Multiple population and community based studies conducted across the US, Europe, Japan, and Australia all have repeatedly observed complex neuropathologic changes in individuals with a clinical diagnosis of Alzheimer's disease (AD) dementia. Although usually including neuritic plaques (NP) and neurofibrillary tangles (NFT), the regional levels and extent of distribution of these hallmark lesions are variable. Additionally, more than half of individuals with AD dementia have other comorbid lesions in brain that when present in isolation can be diagnostic of dementia?the AD-Related Dementias (ADRDs). These include cerebral amyloid angiopathy (CAA), vascular brain injury (VBI), Lewy body disease (LBD), and hippocampal sclerosis of the elderly (HS), among others. Indeed, individuals with a clinical diagnosis of AD dementia frequently show a complex mix of AD lesions and comorbid lesions, making it unclear the extent to which each contributed to cognitive decline and dementia in that person. We hypothesize that the mechanisms of injury and response to injury that produce these different disease-specific brain lesions are influenced by differing genetic factors. With few exceptions, genetic studies for AD have associated genetic variants with a clinical diagnosis of AD dementia. The comorbid complexity described above is a serious limitation to interpreting these data. Are the associations with AD dementia related to the hallmark lesions of AD (common assumption), the variably present comorbid lesions, or both? Only two studies have attempted to address this limitation. As a core analysis of the Alzheimer Disease Genetics Consortium (U01AG032984), our study of AD neuropathologic changes was the larger of these studies with approximately 4900 brain autopsies. However, even this initial study was limited by sample size, platform, and less sophisticated analysis tools. To address these limitations and to advance our knowledge of the full spectrum of dementia neuropathology, we propose a genomics study of hallmark AD lesions together with comorbid lesions associated with ADRDs. This study will expand the sample size of neuropathology subjects, will expand efforts to include next-generation sequence data, and will implement more advanced statistical techniques to better understand the relationships between traits. When successfully completed, our results will point to novel, relevant molecular contributors for each of the pathologic lesions of AD or ADRDs, either alone or in combination. To accomplish these goals we propose four Specific Aims. SA1: Identify genetic variants associated with hallmark AD lesions by whole genome sequencing and genome-wide genotyping; SA2: Identify genetic variants associated with comorbid lesions commonly present in brains of older individuals; SA3: Determine the inter-trait genetic landscape by assessing confounding and genetic correlations across traits; and, SA4: Determine regional, cellular, and lesion distribution of protein products of selected genes identified in SA1-2.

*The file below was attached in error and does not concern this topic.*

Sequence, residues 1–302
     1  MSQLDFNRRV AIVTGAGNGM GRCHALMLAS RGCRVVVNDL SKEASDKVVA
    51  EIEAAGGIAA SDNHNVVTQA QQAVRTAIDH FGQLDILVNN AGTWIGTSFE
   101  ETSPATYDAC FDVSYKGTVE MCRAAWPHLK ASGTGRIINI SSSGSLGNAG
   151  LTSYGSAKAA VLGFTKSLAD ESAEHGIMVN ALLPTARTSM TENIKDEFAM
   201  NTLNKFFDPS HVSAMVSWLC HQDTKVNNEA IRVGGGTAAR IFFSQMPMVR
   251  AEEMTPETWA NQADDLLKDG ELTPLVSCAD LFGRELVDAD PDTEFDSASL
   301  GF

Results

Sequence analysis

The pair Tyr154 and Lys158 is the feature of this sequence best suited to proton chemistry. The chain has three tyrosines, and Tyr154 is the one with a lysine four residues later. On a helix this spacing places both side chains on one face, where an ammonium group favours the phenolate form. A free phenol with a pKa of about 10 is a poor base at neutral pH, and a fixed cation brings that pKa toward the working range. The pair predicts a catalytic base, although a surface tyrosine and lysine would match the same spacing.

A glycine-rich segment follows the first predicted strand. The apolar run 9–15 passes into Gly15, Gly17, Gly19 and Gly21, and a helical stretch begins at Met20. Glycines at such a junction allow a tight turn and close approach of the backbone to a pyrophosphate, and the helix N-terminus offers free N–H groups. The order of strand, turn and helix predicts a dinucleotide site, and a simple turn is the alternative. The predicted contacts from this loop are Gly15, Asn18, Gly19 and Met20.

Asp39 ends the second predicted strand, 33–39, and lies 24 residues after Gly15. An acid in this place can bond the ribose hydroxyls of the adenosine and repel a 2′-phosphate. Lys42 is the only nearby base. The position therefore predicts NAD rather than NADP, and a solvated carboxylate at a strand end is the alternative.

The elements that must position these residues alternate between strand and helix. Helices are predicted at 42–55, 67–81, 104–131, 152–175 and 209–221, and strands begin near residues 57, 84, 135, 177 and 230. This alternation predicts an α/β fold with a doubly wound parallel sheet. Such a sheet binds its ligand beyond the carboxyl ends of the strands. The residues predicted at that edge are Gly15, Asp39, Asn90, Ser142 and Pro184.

Both population and community based studies around the world have shown that clinical diagnosis of Alzheimer disease (AD) dementia is frequently accompanied by varying neuropathologic changes. These changes include differing rates and extent of Alzheimer ?hallmark? pathologic changes (neurofibrillary tangles and neuritic plaques) as well as other lesions commonly associated with AD-related dementias (ADRDs). These lesions include cerebral amyloid angiopathy, vascular brain injury, Lewy body disease, and hippocampal sclerosis of the elderly, among others. The complex mixtures of brain lesions are not well understood, and limit interpretation of genomic analyses of clinic-based datasets. To address these limitations, we propose here an analysis of the genomics of the neuropathology of AD and ADRDs. Analysis will include harmonization and analysis of over 7,500 neuropathology samples and genetic data. When successfully completed, our study will point to novel, relevant molecular contributors for each of the pathologic lesions of AD or ADRDs, either alone or in combination.